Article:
Archive

Uncategorized

There’s a debate that rages in the corridors of VCs, startups, and other intense entrepreneurial centers, which is: Can you have it all? Aren’t the best CEOs and founders so ambitious, so driven, that they must sacrifice everything to make it work? We have seen couples struggle with this on a personal level, and there is almost always an imbalance that leads to deep sacrifices on one front or the other … MORE

 

The bet on Lyft has always been that ridesharing wins and it is ultimately a much bigger market than just a car for hire.

From their learnings at Zimride, the ridesharing predecessor to Lyft, the founders have held a hard-earned secret about all the subtle things necessary for people to come together in a car with strangers and enjoy it. For instance, John and Logan realized that women feel much more comfortable getting into a car if there’s a woman. Today 30% of the Lyft drivers are women, which has also had the effect of attracting women passengers who now make up more than half of all riders.

For my generation, it’s hard to fully understand the sea change of the millennial psyche. Getting into the back seat of an eight-passenger black suburban by yourself isn’t just uncool, it’s offensive — like littering, but on mass scale. If millennials can’t ride their bikes or take the bus or train, they want to rideshare. And increasingly, it’s a social experience, a la Airbnb — another differentiated, millennial brand.

Similar to the early days of building out wireless networks, we are laying the groundwork for critical American infrastructure as we transform the $2.25 trillion U.S. personal transportation market. Think of cars as cellphones in this scenario.

Ridesharing will have a dramatic impact on world around us. With this new round of funding, Lyft will be rolling out ridesharing in every major U.S. city. For those of you who haven’t tried Lyft Line, I’d invite you to save some money, be kind to the environment, and meet a few new friends along the way…

Think about what’s possible with smartphones today. The form and sophisticated functionality of smartphones has led to businesses we couldn’t ever have imagined. It’s made possible partly because of the “sensorification” of the landscape, coupled with mobile and a friendly UI. That same sensorification needs to move to the enterprise. MORE

Something often overlooked when we talk about all the shiny new connected gadgets emerging out of the ‘Internet of Things’ is what happens to all the old things when they’re connected to the internet? MORE

DevOps is more than just a methodology. It’s a must-have skill set for the modern programmer — and is increasingly becoming its own department as well (the subject of much debate). And the growth of the DevOps movement coupled with complex cloud infrastructure has opened up many opportunities today… MORE

At the tip of the innovation spear, behemoths like Facebook, Google, and Yahoo! have to invent technologies that deal with the hard problems they encounter internally as they grow. Out of these efforts, a number of projects like MapReduce Cassandra, BigTable, and Borg have been commercialized into products, companies, or open-source projects like Hadoop.

The founding of Optimizely follows a similar vein. The founders—Dan Siroker and Pete Koomen—met as product managers at Google, where testing and optimization (such as A/B testing) are deeply ingrained in the product development process. So much so that it was widely reported that Marissa Mayer once tested 41 different shades of blue for the Google homepage!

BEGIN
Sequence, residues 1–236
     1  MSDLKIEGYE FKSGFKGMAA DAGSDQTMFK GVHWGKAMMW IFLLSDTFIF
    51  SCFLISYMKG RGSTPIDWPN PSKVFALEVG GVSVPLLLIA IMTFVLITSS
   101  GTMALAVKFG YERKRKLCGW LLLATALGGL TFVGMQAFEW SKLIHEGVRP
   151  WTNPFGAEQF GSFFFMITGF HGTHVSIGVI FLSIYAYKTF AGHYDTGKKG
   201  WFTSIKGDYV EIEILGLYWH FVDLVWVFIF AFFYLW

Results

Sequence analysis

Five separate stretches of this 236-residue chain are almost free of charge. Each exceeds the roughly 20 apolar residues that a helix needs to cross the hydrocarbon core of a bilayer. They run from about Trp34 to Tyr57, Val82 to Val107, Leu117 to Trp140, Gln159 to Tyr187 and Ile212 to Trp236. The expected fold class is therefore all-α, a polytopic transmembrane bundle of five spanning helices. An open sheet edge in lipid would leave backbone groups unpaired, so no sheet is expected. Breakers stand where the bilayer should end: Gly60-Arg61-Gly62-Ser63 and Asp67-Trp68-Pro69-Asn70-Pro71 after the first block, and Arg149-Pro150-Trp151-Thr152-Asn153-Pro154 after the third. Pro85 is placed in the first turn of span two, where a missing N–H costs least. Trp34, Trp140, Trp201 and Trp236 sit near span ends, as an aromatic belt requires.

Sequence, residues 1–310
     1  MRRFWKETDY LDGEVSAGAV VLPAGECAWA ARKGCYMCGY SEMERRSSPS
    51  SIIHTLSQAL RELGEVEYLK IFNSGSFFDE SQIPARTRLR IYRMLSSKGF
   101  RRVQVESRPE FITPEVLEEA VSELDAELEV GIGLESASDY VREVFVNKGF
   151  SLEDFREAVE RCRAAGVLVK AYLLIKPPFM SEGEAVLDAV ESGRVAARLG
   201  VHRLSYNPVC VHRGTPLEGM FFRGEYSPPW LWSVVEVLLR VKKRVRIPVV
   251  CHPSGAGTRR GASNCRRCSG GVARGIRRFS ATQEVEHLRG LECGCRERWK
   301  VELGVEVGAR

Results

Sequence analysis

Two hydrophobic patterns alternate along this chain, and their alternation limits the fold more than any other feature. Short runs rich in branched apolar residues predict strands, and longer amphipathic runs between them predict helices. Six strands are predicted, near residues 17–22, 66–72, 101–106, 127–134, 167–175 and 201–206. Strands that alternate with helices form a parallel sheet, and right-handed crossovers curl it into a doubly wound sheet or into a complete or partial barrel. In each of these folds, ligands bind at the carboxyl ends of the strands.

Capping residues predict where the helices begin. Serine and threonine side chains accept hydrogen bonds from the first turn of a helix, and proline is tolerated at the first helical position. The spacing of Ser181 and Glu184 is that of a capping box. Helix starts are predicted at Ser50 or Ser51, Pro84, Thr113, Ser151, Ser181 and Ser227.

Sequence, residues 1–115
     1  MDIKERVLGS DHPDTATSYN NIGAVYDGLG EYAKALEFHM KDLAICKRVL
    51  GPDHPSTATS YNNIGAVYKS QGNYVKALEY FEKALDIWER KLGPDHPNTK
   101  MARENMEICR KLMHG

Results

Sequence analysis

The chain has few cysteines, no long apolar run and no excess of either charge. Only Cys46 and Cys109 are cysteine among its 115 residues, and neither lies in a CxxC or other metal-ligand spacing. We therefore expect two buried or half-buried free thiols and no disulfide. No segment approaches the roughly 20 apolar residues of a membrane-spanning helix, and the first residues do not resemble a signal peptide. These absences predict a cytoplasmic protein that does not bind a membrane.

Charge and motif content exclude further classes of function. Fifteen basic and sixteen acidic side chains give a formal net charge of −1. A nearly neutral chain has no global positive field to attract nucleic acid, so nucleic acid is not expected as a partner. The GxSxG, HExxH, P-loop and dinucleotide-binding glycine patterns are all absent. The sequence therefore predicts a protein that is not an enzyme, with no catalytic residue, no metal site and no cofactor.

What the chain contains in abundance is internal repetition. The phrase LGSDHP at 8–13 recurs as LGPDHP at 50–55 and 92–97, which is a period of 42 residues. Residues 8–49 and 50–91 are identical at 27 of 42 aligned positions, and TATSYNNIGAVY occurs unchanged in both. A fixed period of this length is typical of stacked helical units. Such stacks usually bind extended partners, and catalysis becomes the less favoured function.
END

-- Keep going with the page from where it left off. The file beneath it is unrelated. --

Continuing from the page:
But it was during this time at Google that it became obvious to Dan and Pete that every company —big or small—should be able to use testing the same way. They set out to build Optimizely, and in a short four years, the company is now the hands-down leader in the new software category of website optimization.

As we move from on-premise to cloud computing, our firm is betting that a completely new set of enterprise software franchises will emerge. Optimizely is clearly one of them, which is why I am pleased to announce that Andreessen Horowitz is leading a $57M Series B round in Optimizely.

We invested in the company for many reasons, including:

Strong founder/market fit. The founders have taken a core Google competency and are making it their life’s work to extend it to the rest of the world, big or small.

Classic disruption. The company converted a complex process that requires engineering resources into a simple tool that almost anyone can use, which dramatically broadens adoption.

Solved a hairy technical problem. Before Optimizely, it was really hard to create drag-and-drop tests via a web-based editor while avoiding slowing down the page.

This investment also represents a few larger trends we care about, including:

Mobile. Optimizely just launched its iOS product and is already seeing tremendous demand from new and existing customers. We see huge upside potential here.

SaaS and especially the “departmentalization of IT”. Marketers, product managers, and other operators throughout a company can buy and use the product on their own—instead of having to go through only a central IT organization.

Democratization of tech. Optimizely also belongs to a larger category of tools that takes what was previously only possible for people with technical training, and makes them accessible to people who don’t (or don’t want to) code but want to apply their expertise on the web.

Optimizely is the clear leader in a huge and new must-have SaaS category. I’m thrilled to be joining the board and look forward to working with Dan and Pete to grow the company into the next category-killing franchise!